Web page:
Crowds Busy on weekdays, Xitang is overrun at weekends – megaphones and matching caps abound. Commercialism Entry is 100RMB, though if you speak to a pedicab driver outside the bus station they’ll take you in round the back for half that price. Inside, there’s the standard mix of crap souvenirs and over-priced mediocre Chinese food, and few signs of normal residents, particularly on the town’s main streets.
Travel time 100 minutes. Verdict Undeniably picturesque in terms of its layout and architecture, Xitang is another water town that has become a tourist trap, meaning that taking in the beautiful scenery is usually punctured by someone elbowing you out the way to get to the stinky tofu stand.
Get there Direct buses leave Shanghai South Long Distance Bus Station from 9.25am, costing 32RMB one way, with the last bus returning to the city at 4.55pm. Unless you want a pedicab to sneak you in cut price, the main entrance is a two-minute walk from the bus station.
Number 3 – Tongli
What’s it like? Tongli is one of the smaller water towns, centering on a main junction of canals and arched bridges, but it has some unique attractions that make it worth a visit. Waterside cafes, tree-lined streets and a boat of cormorants kept for the tourists mean that it’s a photogenic place.
Crowds On weekdays, Tongli is pleasantly empty. Weekends naturally see larger crowds, but generally the pace is slower here than in other water towns. Commercialism There’s the standard 100RMB entrance fee and plenty of over-priced, average Chinese restaurants. However, there are alternatives such as the pleasant Tongli Youth Hostel, which has two branches: one is in a tiny courtyard on the edge of the town centre (210 Xintian Jie); the other is a canal-side space with a decent cafe (234 Yuhang Jie, near Taiping Bridge, call 189 1305 0199 for details).
Travel time 90 minutes. Verdict The traditional scenic part of Tongli is relatively small, yet it doesn’t feel as bustling as other water towns.
Get there The Tourist Bus Centre coach leaves Shanghai Stadium at 8.30am, returns at 4pm and costs 130RMB including entrance to the old town.
Number 2 – Zhujiajiao
What’s it like? Zhujiajiao’s mix of bridges, canals, wood-panelled buildings and narrow lanes is fairly standard, but it’s nonetheless attractive. The Qingpu town has an appealing combination of accessibility and places to escape the crowds. The town is centred on a large main canal where you’ll find the longest of its numerous bridges, Fangsheng Bridge, which is also known as ‘setting fish free bridge’ – for a few kuai you can buy a goldfish to release into the water (they’re fished out again a little way downstream and resold).
Crowds Zhujiajiao’s accessibility from Shanghai means that it’s a tourist favourite, but in its favour the town offers more escapes from the crowds than the average water town. The whole town is worth exploring, with numerous side streets to avoid the tourists, and a number of kooky cafes to hide in. Don’t miss Caotang (85 Dongjing Jie, 152 2136 1365), a laidback hipster bar and hostel with sofas, a foosball table and occasional live music. If you decide to stay for the evening, open air Kunqu opera performances and classical music shows taking place every summer. Commercialism Although signs for it still remain, Zhujiajiao hasn’t imposed an entry ticket system since 2008. While there are plenty of tacky souvenir shops and over-priced restaurants, this allows you to wander the streets freely and escape the more tourist trap-y areas.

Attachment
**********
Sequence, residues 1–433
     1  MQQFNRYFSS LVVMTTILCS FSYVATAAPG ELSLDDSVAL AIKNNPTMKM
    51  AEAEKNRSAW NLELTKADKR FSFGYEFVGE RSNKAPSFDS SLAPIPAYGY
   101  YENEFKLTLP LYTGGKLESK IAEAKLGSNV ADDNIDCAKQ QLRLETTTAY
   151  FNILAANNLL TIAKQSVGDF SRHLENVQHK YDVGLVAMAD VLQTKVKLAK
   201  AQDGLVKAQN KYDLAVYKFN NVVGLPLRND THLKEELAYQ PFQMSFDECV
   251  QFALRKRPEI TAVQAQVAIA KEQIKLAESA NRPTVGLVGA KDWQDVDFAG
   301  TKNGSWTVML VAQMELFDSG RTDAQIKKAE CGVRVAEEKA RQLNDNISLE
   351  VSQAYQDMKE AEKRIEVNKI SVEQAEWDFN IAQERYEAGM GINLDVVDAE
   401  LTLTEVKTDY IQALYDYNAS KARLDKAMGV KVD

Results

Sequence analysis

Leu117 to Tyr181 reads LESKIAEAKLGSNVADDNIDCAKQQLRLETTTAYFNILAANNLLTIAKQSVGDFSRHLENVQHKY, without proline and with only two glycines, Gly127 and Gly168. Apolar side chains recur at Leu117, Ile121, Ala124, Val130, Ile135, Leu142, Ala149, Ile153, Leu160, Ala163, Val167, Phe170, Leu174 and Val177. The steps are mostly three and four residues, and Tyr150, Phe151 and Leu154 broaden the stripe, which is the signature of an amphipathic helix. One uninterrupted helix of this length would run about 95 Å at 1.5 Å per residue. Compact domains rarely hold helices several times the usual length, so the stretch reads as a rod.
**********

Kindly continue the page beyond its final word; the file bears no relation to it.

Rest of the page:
Travel time 50 minutes. Verdict It may not be as spectacular as some neighbouring water towns, but the mix of accessibility, no entrance ticket and cool cafes to escape the hordes mean that Zhujiajiao is still a worthy day trip.
Get there A tourist bus heads to Zhujiajiao from the Tourist Bus Station at Shanghai Stadium at 9am, costing 12RMB one way and returning at 3.45pm. Alternatively, regular buses run from Lao Chengdu Bei Lu station, near Dagu Lu from 5.30am-6.30pm with return buses running from 5.50am-9pm, for 9RMB one way.
Number 1 Winner – Nanxun
What’s it like? Although much of Nanxun itself is a grimy industrial town, and some of the water town area has succumbed to the tourist tat virus, large parts of it are green, peaceful and filled with locals relaxing (and not trying to sell you anything). The best part of the water town area is the south-west, where you can escape the crowds on even the busiest days and find trees arching over the peaceful water – we like the tranquil Little Lotus Garden, a grand former residential house with a small lake at the back, and the Jiayetang Library, home to a large collection of ancient tomes and tree-covered grounds, where locals sip tea and play cards beside the water.
Crowds Nanxun is absent from the main tourist trails, making it pleasantly light on megaphones and matching baseball caps. You’ll still see the odd tourist group, particularly in the southern part of town and at weekends, but it’s a far cry from tourist traps such as Wuzhen (see above). Commercialism Nanxun has a 100RMB entrance fee, but this covers all the attractions in the town except for boat rides, which start from 100RMB/eight-person boat. Food options aren’t great, with a cluster of rustic noodle houses between Hongji and Tongjin bridges your cheapest choice. Water-side restaurants closer to the main tourist area offer a broader range of dishes at slightly higher prices, but don’t expect any English menus.
Travel time 90 minutes. Verdict With charmingly rustic residential streets and relatively few tourist trappings, Nanxun is our new favourite water town. Just get there before everyone else does.
Get there The main Shanghai Long Distance Bus Station (from 6.50am) and the South Station (from 10am) have regular services to Nanxun, costing 46RMB one way. The buses continue to Huzhou, so make sure your driver knows you want off at Nanxun. To get to the old town, cross the bridge directly next to the shabby bus station and turn left immediately at the bridge’s end as you hit the first sign of water. Follow the path into the water town area and you’ll be in the northern section, at the opposite end to the Little Lotus Garden and Jiayetang Library, but in a pleasant residential part with plenty to see on your way south.